There’s no substitute for a paper manuscript!

Paper manuscript

I’m not proud of it, but I’ve gone to the copy shop twice this week to get a paper version of my manuscript printed.  At 400 pages and $0.10/page, it cost $40 to print once – yikes!  Why can’t I just learn to edit on the computer?  It just seems easier on paper.  I can proof read easily, red-line the mistakes, and write notes to myself in the margins.  Sure, I can do that with track changes in MS Word, but it doesn’t feel the same.  Track changes always feels messy after a few iterations, and the writer has to make sure that edits “accepted” don’t create a formatting issue, particularly with spacing.

While the above picture is just loose leaf pages, I wholeheartedly recommend spending the few extra bucks at the copy shop to get a spiral binding and cover on your manuscript.  Any copy shop can do it, and then you’ll have a bound version of your paper that you can stash as a record of your revisions.  I had done this regularly until Staples screwed up my last order.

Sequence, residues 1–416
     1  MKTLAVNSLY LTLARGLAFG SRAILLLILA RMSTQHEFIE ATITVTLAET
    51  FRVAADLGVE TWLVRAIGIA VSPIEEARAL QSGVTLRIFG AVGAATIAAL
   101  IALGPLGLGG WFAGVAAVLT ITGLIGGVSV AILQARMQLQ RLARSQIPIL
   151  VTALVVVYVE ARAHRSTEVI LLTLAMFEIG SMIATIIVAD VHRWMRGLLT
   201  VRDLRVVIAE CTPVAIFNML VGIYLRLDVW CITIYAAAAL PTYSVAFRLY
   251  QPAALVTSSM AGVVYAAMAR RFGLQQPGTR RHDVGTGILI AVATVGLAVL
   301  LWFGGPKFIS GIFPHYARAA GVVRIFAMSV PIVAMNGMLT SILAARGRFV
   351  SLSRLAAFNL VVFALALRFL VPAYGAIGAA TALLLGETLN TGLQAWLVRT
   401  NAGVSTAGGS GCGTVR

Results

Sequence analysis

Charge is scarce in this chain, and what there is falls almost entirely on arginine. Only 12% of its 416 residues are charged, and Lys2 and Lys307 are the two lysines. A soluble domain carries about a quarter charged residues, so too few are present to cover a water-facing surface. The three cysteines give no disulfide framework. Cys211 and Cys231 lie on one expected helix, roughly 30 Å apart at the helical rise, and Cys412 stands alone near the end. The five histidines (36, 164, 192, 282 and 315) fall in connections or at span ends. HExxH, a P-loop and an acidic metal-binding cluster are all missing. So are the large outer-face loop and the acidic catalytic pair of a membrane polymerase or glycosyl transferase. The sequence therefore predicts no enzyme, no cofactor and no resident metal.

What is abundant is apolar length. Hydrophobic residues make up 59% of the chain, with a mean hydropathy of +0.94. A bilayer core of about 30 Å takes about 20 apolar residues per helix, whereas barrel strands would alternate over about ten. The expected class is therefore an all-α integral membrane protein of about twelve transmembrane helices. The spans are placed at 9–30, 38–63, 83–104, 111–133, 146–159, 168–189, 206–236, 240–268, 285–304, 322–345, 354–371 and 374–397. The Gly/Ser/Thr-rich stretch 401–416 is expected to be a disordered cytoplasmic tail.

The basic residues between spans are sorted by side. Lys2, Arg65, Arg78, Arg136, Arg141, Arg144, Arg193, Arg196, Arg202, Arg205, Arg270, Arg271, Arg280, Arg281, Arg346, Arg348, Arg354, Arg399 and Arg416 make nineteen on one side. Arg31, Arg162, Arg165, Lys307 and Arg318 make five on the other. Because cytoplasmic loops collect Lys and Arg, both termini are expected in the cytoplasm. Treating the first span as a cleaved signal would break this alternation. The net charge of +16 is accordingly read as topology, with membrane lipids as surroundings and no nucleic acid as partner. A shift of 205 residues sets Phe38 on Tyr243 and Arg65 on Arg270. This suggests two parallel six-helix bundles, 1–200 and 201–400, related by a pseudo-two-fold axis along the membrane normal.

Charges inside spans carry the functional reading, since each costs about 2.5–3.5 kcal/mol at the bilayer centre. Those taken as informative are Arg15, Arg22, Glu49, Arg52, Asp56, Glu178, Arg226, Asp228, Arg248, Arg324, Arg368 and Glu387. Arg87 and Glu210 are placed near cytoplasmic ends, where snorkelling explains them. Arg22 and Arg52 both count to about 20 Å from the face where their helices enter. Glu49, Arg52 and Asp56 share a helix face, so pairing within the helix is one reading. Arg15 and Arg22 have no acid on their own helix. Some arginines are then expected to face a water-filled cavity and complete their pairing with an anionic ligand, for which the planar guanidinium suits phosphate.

I also use a software-type convention for recording the version of my manuscript.  I use 1-2-3- for major revisions, and small letters, a, b, c, for minor revisions.  Thus, my manuscript was developed 1a, 1b, 1c, 2a, 2b…. In my case, I usually had a few minor revisions for every major revision.  What constitutes major and minor?  Major changes could have been writing, editing, adding references, or adding supplemental material such as illustrations/pictures.  Minor changes were almost grammatical corrections, the rewording of awkward sentences, or factual changes (such as dates).

There’s no right or wrong way to develop your manuscript.  This was just my approach that I wanted to share.

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